If you are wanting to get into the Beatles and their various facets, I guess this is okay from George's side BUT.....you would be much better served getting All Things Must Pass, which to these ears is the best post-Beatles Beatle album ever made. It is represented here by just two songs. In fact, the whole thing is cobbled together rather shabilly with a ton of Beatles-era tracks that even the most cloth-eared dolt must know. I think its high time that a new George Harrison retrospective was issued, combining his Apple, Dark Horse and Wilbury years. George was the first artiste to put out a triple album (and he did it twice!) so he deserves another one! This is a typical lp era compilation squeezed into the confines of forty odd minutes, yet it remains the only source of the excellent 'Bangla Desh' on cd, so its a tad frustrating for completists to have to trawl through songs they know by heart on myriad albums and compilations just for this! Let's update this once and for all. Please. With a few bonus tracks....
Post review comment: This review is a tad out of date now, a new Harrison compilation was released about 18 months later, and although it was not what I was rather hoping for in this review, it spans a couple of discs and is a decent all round collection. No bonus tracks though.....grrrr
Casual George fans really don't have it good. 'The Best of Dark Horse' is out of print, and this is the only compilation to cover his years on Apple. But of the 13 tracks on this album, over half are performed by the Beatles, not by George as a solo artist. You've got two from 'Abbey Road,' "Something" and "Here Comes the Sun"; two from 'Rubber Soul,' "If I Needed Someone" and "Think for Yourself"; and one each from the White Album, 'Revolver,' and 'Let it Be'. It would be a travesty if "Here Comes the Sun," "Something," and "Taxman" were missing from such a collection--as fortunately they are not--but it's almost as bad that "I Need You" and "Within You and Without You" are missing. That is to say, this isn't even an adequate best-of-Beatle-George collection. Not that there should really be *any* Beatles tracks on an album by this title. To the proper solo George tracks, we're given two from ATMP, "My Sweet Lord" and "What Is Life?"; "Bangla Desh" from the concert album; "Give Me Love" from 'Living in the Material World'; and one each from 'Dark Horse' and 'Extra Texture': the title track and "You," respectively. Again, setting aside the fact that 'The Best of George Harrison' only contains six solo George songs, this is somewhat disappointing. The title track from 'All Things Must Pass' is missing, which is a real shame; so is "If Not For You"--both are solo George classics. To sum up, what is needed is a REAL best-of collection, one that spans George's entire solo career, and one which OMITS his work with the Beatles. They didn't even do that for *Ringo's* best-of album released about the same time (and it would have been very easy to replace some of his solo work with "A Little Help from My Friends" and "Octopus's Garden"). George's music is stellar; this album is quite sad--so five stars for the music and one star for the album itself average to three.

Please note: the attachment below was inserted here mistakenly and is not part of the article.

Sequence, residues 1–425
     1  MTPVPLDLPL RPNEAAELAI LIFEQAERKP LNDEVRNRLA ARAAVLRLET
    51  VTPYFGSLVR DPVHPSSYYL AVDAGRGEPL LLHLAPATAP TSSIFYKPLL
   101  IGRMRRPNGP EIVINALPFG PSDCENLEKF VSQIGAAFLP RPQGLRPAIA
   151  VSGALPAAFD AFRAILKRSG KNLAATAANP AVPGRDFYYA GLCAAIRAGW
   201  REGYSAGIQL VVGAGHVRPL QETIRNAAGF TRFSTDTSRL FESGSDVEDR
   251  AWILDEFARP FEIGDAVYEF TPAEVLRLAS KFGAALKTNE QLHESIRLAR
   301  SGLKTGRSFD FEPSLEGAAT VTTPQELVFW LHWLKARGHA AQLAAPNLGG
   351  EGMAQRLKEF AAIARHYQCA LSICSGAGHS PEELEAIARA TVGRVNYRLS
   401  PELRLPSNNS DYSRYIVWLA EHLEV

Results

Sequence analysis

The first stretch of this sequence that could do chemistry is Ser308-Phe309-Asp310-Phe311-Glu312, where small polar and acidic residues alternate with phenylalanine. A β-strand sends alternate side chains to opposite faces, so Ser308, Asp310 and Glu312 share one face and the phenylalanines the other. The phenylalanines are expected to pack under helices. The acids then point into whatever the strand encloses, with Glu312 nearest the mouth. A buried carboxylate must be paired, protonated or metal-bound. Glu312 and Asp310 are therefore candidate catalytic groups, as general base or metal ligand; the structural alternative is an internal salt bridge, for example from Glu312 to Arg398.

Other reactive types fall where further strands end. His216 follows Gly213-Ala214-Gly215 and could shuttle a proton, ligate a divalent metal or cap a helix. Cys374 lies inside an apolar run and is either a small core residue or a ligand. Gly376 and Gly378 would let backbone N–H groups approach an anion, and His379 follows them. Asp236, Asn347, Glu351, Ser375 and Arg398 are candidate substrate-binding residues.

For quality of SONGS, this album would get 5 stars, but this is just not an essential Harrison collection. For starters, more than half of the songs are by the Beatles (George is the only ex-Beatle to include Beatles songs on a 'Best of' album)! For someone (like myself) who is a huge fan of the Beatles and wants to start getting into their solo work, it will be hard to find an album to start off with George Harrison. Paul McCartney has "Wingspan," John Lennon has "Lennon Legend," Ringo Starr has "Blast from Your Past," but George is in desperate need of a new 'best of' compilation. This album was originally released in the mid-70s, before some of his big hits like "All Those Years Ago" or the #1 "Got My Mind Set on You" came out. With only 6 solo Harrison songs, the listener can't get a real good taste of George. I personally think that the song-book "George Harrison Anthology" ... should be turned into an album (minus the Beatles songs, yet again) to give a broader selection from Harrison's solo career.
So, it's nearly 2007 and EMI/Parlaphone/Dark Horse are just not doing George any favours.
Here is a compilation I would suggest to prove beyond any doubt that he made some superb post Beatles Recordings.
George Harrison (A Diary) 78 mins (19 Tracks)
I got my Mind set on You/Give me love/My sweet Lord/Run of the mill/Something/If not for you/While my guitar gently weeps/Isn't it a pity/Crackerbox palace/Living in the material world/Someplace else/What is Life/Blow away/Beware of Darkness/Beautiful girl/Art of Dying/
Cloud 9/This is love/When we were fab.
These Tracks are not in Chronological order.This is because like a very Good Beatles compilation there is a pattern in the sequence of the songs. You have Quality Love songs( Someplace Else,something) Rock songs (What is life,Cloud 9), light humorous songs(Crackerbox Palace, Blow away)Beatlesesque songs (When we were fab, Beautiful girl), Thoughtful tracks(Art of Dying, beware of Darkness) listed in delibarate order for optimum listening